Canon 212:3 According to the knowledge, competence, and prestige which they possess, they have the right and even at times the duty to manifest to the sacred pastors their opinion on matters which pertain to the good of the Church and to make their opinion known to the rest of the Christian faithful, without prejudice to the integrity of faith and morals, with reverence toward their pastors, and attentive to common advantage and the dignity of persons.

    Here is a link to the section of canon law so I don’t get accused of getting this from an unsavory source:

    Canon law does give the faithful the right to express their opinion and make known their opinion to everyone else as well. Where there is need for improvement is expressing those opinions with reverence towards the office people respect and their dignity.

    It is not surprising that some of the faithful have difficulty doing that, when they have so many bad examples to follow of contempt, insolence and hostility.

    • Thanks for that quote, Noah.

      It would be nice if the bishops would own their mistakes and those who act otherwise act contrary to the unity and good of the Church would do likewise. Really would should not allow ourselves to blame our faults on other people or give each other reasons to make excuses.

      We are all miserable sinners and are in need of mercy. God will judge those in authority with greater severity.

  25. Father Angelo to:

    “Shawn @2014/03/31 at 4:10 pm:

    You are welcome. I have a bad habit of writing posts that are too long. I will put another version of this one together. I have an idea of how to condense it nicely. Thanks.”

    You can’t be serious! Really….you can’t see that his comment was backhanded? This ‘guy’ has a young male crossdresser wearing a skull on his black shirt for an icon!! Anyone can use WordPress to link into other blogs and change the icon through Gravitar to make it seem that its their own.

    The negative comments for the most part have been disengenious at best. The modus operandi is to attack with irrational thoughts, belittle/degrade, pshishs for arguments, and generally does not stay on topic. If he is outwitted he leaves to come back under a new username. WordPress allows a person to have numerous blog sites, as well as Google+ and Facebook.

    So I read your rules at the end of a beautifully written post; (to shorten it would be an injustice), and instead of following through with the rules you offer humble remarks and compliments instead to the perpetrators?
    I had truly anticipated a breath of fresh air on MaryVictrix.

  26. Your welcome Father.

    I agree we should not look for excuses for ourselves. If we can find a way to excuse our neighbor though we will be better for it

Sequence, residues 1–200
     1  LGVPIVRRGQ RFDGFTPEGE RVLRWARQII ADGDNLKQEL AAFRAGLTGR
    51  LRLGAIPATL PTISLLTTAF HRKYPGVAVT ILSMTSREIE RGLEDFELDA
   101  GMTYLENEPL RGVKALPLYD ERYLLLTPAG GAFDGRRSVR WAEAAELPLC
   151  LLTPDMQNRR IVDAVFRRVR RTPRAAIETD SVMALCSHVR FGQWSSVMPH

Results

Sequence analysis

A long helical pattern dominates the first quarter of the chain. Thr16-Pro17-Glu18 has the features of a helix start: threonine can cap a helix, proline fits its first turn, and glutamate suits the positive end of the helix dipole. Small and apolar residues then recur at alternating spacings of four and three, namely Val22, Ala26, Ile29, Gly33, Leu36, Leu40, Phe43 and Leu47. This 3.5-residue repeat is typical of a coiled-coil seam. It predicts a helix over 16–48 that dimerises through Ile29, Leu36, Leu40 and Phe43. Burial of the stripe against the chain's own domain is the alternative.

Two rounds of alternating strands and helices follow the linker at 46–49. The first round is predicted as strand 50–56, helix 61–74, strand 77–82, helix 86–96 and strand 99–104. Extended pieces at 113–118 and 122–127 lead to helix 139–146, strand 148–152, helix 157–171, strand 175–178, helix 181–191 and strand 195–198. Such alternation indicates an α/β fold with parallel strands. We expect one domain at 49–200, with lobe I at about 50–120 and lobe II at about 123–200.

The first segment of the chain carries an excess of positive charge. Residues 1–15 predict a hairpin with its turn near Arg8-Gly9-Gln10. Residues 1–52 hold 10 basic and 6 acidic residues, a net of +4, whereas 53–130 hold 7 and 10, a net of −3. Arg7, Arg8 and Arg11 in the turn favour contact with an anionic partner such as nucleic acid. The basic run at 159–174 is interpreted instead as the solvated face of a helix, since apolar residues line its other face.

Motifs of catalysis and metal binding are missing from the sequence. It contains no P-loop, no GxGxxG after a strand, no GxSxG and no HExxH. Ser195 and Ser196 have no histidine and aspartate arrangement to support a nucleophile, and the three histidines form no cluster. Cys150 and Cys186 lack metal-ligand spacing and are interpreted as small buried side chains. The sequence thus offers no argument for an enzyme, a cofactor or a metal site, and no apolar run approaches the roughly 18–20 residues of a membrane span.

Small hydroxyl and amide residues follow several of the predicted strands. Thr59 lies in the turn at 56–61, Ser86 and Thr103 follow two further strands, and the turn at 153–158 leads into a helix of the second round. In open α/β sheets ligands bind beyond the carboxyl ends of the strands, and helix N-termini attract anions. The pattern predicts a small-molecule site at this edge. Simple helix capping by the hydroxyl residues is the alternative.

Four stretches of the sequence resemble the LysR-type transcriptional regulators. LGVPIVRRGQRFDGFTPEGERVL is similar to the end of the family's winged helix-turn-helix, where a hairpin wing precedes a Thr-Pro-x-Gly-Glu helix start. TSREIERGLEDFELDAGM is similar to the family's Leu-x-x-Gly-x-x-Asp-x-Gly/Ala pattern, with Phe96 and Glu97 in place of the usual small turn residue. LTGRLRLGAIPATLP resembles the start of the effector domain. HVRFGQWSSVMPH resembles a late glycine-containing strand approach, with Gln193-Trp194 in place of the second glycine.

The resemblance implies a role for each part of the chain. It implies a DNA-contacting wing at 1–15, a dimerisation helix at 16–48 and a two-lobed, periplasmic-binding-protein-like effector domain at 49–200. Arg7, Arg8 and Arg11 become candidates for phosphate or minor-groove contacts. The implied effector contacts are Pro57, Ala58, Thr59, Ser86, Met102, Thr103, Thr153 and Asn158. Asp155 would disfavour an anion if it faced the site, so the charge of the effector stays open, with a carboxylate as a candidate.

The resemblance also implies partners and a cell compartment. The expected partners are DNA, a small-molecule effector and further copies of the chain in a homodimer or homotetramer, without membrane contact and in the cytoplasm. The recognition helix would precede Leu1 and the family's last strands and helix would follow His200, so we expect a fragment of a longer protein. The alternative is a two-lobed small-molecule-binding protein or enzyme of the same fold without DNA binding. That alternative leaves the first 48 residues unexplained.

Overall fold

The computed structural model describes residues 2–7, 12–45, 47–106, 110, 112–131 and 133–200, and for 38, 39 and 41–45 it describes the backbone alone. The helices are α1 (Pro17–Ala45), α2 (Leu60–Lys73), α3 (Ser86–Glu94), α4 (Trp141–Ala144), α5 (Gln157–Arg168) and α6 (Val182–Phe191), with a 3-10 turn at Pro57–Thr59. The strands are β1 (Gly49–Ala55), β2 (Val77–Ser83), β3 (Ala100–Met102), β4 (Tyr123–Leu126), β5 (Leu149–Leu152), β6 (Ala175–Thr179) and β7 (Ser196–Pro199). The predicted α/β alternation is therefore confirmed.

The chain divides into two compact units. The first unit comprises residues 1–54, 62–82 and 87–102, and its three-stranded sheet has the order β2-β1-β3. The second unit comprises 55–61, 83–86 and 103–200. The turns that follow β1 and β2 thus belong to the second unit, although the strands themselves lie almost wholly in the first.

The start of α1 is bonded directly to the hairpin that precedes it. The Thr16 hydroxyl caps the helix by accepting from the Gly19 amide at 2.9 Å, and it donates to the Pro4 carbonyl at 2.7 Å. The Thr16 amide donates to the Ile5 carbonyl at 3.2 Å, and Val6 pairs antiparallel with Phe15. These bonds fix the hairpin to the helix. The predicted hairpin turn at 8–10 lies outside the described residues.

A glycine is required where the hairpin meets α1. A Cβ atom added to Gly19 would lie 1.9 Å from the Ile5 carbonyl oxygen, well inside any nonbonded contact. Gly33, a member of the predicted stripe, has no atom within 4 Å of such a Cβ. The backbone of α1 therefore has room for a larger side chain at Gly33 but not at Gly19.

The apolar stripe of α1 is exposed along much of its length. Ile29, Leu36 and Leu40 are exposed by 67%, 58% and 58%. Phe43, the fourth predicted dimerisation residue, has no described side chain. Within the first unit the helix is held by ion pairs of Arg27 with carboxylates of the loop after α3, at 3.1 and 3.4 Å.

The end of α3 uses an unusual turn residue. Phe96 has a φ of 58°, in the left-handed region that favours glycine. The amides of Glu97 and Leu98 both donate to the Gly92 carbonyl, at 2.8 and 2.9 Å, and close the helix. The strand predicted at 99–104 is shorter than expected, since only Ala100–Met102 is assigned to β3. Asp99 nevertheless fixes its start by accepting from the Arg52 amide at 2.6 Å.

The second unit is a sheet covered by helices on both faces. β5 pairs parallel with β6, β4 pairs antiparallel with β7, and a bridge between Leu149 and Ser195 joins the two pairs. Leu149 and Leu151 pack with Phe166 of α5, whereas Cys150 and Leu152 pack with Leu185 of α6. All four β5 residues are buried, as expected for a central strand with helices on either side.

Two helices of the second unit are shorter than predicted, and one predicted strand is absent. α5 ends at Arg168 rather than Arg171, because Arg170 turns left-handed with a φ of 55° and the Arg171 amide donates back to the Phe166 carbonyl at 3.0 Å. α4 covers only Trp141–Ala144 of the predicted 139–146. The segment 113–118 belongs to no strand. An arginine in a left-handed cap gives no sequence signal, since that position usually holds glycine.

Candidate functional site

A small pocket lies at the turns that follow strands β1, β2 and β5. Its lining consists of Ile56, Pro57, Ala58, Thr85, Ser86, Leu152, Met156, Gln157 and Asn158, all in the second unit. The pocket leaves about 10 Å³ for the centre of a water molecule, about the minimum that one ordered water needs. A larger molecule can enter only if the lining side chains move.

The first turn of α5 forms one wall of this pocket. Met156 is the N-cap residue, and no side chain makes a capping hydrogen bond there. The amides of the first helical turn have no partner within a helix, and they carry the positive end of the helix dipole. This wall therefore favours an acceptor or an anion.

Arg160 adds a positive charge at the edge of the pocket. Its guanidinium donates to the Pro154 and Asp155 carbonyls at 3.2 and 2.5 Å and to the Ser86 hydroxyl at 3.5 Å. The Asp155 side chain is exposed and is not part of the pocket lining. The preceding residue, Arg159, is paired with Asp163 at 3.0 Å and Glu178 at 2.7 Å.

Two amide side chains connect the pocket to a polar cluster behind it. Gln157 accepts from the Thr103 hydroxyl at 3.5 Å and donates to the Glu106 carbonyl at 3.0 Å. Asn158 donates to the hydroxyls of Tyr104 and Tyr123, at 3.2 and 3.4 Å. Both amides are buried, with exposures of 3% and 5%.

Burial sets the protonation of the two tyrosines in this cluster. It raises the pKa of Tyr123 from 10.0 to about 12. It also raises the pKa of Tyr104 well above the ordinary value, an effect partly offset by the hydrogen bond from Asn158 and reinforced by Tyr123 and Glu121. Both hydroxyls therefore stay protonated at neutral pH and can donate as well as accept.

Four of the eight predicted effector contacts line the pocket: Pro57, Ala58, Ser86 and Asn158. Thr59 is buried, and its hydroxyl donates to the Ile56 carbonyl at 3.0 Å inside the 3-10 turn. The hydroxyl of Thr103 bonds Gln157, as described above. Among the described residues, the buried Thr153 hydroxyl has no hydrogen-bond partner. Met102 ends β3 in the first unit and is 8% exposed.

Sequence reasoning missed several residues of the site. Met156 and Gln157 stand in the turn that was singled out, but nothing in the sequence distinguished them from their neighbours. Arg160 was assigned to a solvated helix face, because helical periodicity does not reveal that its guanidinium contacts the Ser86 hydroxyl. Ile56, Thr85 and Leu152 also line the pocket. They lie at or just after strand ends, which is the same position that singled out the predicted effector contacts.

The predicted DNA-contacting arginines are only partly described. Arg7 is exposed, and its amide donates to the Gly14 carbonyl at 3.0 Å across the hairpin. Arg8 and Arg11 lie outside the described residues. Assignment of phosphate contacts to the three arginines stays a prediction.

“When you hear anyone spoken ill of, make the accusation doubtful if you can do so justly. If you cannot, excuse the intention of the accused party. If that cannot be done, express sympathy for him [and] change the subject of the conversation” St Francis De Sales, Introduction to the Devout Life pg 205

    Truly an abundance of mercy there will be for someone who can be kind and patient with both the clerics and the laity.

    • Noah,

      I should also point out that canon 212 does not and cannot ascribe to the faithful who do are not part of the hierarchy the teaching authority of the hierarchy, so that also colors what is and is not foreseen by canon law.

  27. I agree completely with your post, so, no, I don’t have any problem with the principles you’ve outlined in this post.

    I have a problem with you. I find you to be completely insincere and disingenuous.

    • jvc,

      I am sorry to hear that, very much so. If something happens to change your mind you will be more than welcome to comment here again. Even if all you want to do is comment on what I actually say, whether you agree or disagree that is fine too. But no more of this.

      And please do not anyone jump all over jvc. He has said his piece.

  28. Since there are no rules in place for this thread….and since I know you will be just as forgiving and kind to me as any other on this thread….

    jvc….you realize that the words ‘disingenuous’ and ‘insincere’ are synonyms. Oh, synonym: words that have similar meaning…(just in case you didn’t know).
    I would like for jvc to back up his judgement of you with facts based on any one of your posts….